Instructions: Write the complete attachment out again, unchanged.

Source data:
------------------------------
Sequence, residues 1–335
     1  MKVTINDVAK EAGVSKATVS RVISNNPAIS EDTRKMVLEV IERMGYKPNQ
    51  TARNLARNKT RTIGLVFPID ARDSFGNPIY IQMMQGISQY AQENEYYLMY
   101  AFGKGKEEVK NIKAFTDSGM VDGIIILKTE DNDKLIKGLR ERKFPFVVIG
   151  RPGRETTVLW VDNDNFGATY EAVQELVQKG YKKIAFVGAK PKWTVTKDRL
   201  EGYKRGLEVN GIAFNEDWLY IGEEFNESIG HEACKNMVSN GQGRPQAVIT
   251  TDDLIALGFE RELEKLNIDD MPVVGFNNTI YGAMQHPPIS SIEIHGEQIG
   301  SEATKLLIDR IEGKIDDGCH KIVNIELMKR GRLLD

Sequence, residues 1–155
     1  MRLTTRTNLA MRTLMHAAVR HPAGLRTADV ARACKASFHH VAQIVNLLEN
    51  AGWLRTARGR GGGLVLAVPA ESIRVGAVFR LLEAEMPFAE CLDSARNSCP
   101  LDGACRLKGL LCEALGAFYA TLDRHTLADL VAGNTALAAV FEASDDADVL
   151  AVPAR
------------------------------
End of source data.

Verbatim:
Sequence, residues 1–335
     1  MKVTINDVAK EAGVSKATVS RVISNNPAIS EDTRKMVLEV IERMGYKPNQ
    51  TARNLARNKT RTIGLVFPID ARDSFGNPIY IQMMQGISQY AQENEYYLMY
   101  AFGKGKEEVK NIKAFTDSGM VDGIIILKTE DNDKLIKGLR ERKFPFVVIG
   151  RPGRETTVLW VDNDNFGATY EAVQELVQKG YKKIAFVGAK PKWTVTKDRL
   201  EGYKRGLEVN GIAFNEDWLY IGEEFNESIG HEACKNMVSN GQGRPQAVIT
   251  TDDLIALGFE RELEKLNIDD MPVVGFNNTI YGAMQHPPIS SIEIHGEQIG
   301  SEATKLLIDR IEGKIDDGCH KIVNIELMKR GRLLD

Sequence, residues 1–155
     1  MRLTTRTNLA MRTLMHAAVR HPAGLRTADV ARACKASFHH VAQIVNLLEN
    51  AGWLRTARGR GGGLVLAVPA ESIRVGAVFR LLEAEMPFAE CLDSARNSCP
   101  LDGACRLKGL LCEALGAFYA TLDRHTLADL VAGNTALAAV FEASDDADVL
   151  AVPAR